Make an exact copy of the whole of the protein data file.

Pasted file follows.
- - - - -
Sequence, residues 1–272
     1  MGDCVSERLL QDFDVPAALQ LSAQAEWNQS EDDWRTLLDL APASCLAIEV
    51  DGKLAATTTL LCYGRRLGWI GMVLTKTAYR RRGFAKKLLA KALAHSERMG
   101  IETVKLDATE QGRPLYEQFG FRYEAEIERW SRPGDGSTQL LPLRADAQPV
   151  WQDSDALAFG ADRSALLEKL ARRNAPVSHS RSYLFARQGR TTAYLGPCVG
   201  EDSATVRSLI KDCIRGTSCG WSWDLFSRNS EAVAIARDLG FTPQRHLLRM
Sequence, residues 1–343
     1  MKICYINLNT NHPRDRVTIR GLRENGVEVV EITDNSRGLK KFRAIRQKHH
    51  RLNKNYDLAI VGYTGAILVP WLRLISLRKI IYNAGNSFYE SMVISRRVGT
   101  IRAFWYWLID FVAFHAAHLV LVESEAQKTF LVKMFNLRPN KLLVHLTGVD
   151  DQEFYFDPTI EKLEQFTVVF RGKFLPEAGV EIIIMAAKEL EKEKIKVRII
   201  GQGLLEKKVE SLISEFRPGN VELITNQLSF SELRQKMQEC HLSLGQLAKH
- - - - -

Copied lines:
Sequence, residues 1–272
     1  MGDCVSERLL QDFDVPAALQ LSAQAEWNQS EDDWRTLLDL APASCLAIEV
    51  DGKLAATTTL LCYGRRLGWI GMVLTKTAYR RRGFAKKLLA KALAHSERMG
   101  IETVKLDATE QGRPLYEQFG FRYEAEIERW SRPGDGSTQL LPLRADAQPV
   151  WQDSDALAFG ADRSALLEKL ARRNAPVSHS RSYLFARQGR TTAYLGPCVG
   201  EDSATVRSLI KDCIRGTSCG WSWDLFSRNS EAVAIARDLG FTPQRHLLRM
Sequence, residues 1–343
     1  MKICYINLNT NHPRDRVTIR GLRENGVEVV EITDNSRGLK KFRAIRQKHH
    51  RLNKNYDLAI VGYTGAILVP WLRLISLRKI IYNAGNSFYE SMVISRRVGT
   101  IRAFWYWLID FVAFHAAHLV LVESEAQKTF LVKMFNLRPN KLLVHLTGVD
   151  DQEFYFDPTI EKLEQFTVVF RGKFLPEAGV EIIIMAAKEL EKEKIKVRII
   201  GQGLLEKKVE SLISEFRPGN VELITNQLSF SELRQKMQEC HLSLGQLAKH